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Things are so much easier when you can separate yourself from real life. It's why we read fiction, hell - it's why we read books at all. We read them, we can identify with them, but when they are in writing we become detached from them. It's not happening to us, and somehow that lessens the blow. The most horrible things can happen and yet we call pull away from it because it's not happening to us and it's in a book. It's not real.

My dad called me last night to fill me in on details. In February, while I was in Cleveland, they got a call at 3am asking for the parents of Margaret Bridge. It turned out to be the mother of my friend Ami. They were stranded in an IHOP in Dixon and needed a place to stay. Dad was tired but when he picked them up and talked to them, he could tell that something wasn't right. Ami was distant, detached; her Mother did all the talking. Ami was starting school in San Jose and they needed to get down there. The financial aide check was in the mail. Things were okay, they needed a place to stay.

I had heard things were not going well for Ami. We were friends in Jr. High and High School but I lost touch with her when I moved to college. Katia and Reecie, also friends from Jr. High, had stayed in contact. Reecie told me she was worried about her when I was home for Christmas. She told me that Ami had gotten into Chico and classes were going to start and the financial aide check was in the mail. Ami had been borrowing money from Katia. Things were not going well, and Reecie was really worried.

When Ami's mom contacted my parents, they stepped into the matter. Things had now gone too far. My dad talked to Katia, Reecie, and Reecie's parents. He warned that perhaps Ami's mom is dangerous. She was exhibiting signs of mental unstability. This is not someone you want in your house. This is not a safe person.

Dad called last night because Ami had contacted Reecie again, and managed to get some money to stay at a Super8 in Dixon. She had been accepted to San Francisco State, and classes were starting the next day. The Financial Aide check was in the mail.

Apparently, Ami is now 30 pounds lighter. She looks emaciated, shrunken, unhealthy. A shell of the girl that I had drama speech with in 9th grade. She smelled bad; the sour smell of poor hygiene and poor diet. Dad had to tell me that the girl I knew, the girl I had gone to school with, had sleep overs with, went to Saturday matinees with, the girl who was going to be an artist, is not the girl who is calling for money. Just enough money to get her to Chico, San Jose, San Francisco. Ami, as I knew her, is dead. What remains is the puppet her mentally unstable mother is using for whatever reason.

It hit me that this seems like a plot to a Chuck Palahniuk novel. A mix of Choke and Invisible Monsters. A crazy mother, a team committing low grade crimes (at least that's what my father believes). Characters so removed from reality that they could be from any book.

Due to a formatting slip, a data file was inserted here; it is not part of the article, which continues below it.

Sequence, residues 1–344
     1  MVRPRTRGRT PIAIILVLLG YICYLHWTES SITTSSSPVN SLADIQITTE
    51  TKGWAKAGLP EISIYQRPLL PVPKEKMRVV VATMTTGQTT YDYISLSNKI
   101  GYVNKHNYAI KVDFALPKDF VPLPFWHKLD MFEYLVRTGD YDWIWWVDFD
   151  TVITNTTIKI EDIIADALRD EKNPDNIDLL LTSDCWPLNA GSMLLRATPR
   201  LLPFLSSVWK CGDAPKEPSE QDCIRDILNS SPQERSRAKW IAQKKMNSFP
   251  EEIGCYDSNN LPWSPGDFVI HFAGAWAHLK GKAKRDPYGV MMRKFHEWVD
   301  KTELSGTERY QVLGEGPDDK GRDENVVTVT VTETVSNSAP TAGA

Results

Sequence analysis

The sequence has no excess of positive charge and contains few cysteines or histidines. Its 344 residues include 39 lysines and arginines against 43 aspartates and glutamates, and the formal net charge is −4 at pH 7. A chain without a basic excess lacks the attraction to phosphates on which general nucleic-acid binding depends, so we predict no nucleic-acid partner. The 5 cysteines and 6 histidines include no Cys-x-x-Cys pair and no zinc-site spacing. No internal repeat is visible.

But the problem is: this is real.

The problem is: this is someone I know.

The problem is: some one I care about could die sooner than she should.

The problem is: perhaps she already has.

I don't want to give up hope. I told my dad, maybe if we could talk to Ami, just to Ami, and let her know that there's a place for her, a safe place, if she can separate herself from her mother. My dad told me there's not much left of Ami left to save. These are consenting adults. There are safe places in Yolo County for them to go to, but they have to ask for them. This is beyond our ability. There is nothing we can do. This is up to them. So when do you know when to give up hope? When do you know when to let go? When do you know it's time to step back and let fate take its course?

So now all of this, all this that I'm writing, has become fiction to you. You can read it and separate yourself from it. You can sympathize with me, you can relate, but you can also step away from it. This isn't happening to you, this isn't your friend. And in a way, I'm letting this become fiction. I'm writing it down, pushing it away from myself, letting it become a story so I don't have to deal with it any more. In this whole situation I've been an observer - Ami or her mother has never contacted me. But my friends are involved. My family is involved. And all of a sudden, my fictional world has become real.
 
 
 
 
 
 
Erm..... Whoa....

*speechless*

Umm... Best answer to your question I can think of is the one I always give when things are Too Big To Deal With; When things geyt too much for you, and you don't know what to do, offer it up to a Higher Power.

Me, I pray to the Christian God... And will be taking the minor liberty of doing so, on behalf of Ami.
*nods*

I would like to talk to you about this personally at some point. I think all of us who were involved have a slightly different take on the issue, although I think we all agree that the Ami who once was is now no more.
I'm really sorry about your friend.

You're an amazing writer, did you know that? This post read just like a Chuck Palahniuk chapter.

But everyone has their escape--be it drugs or alcohol, religion, guided meditation, denial... at least yours is a somewhat healthy, prosaic one.
Compelling writing. Bon chance.

-steelbuddha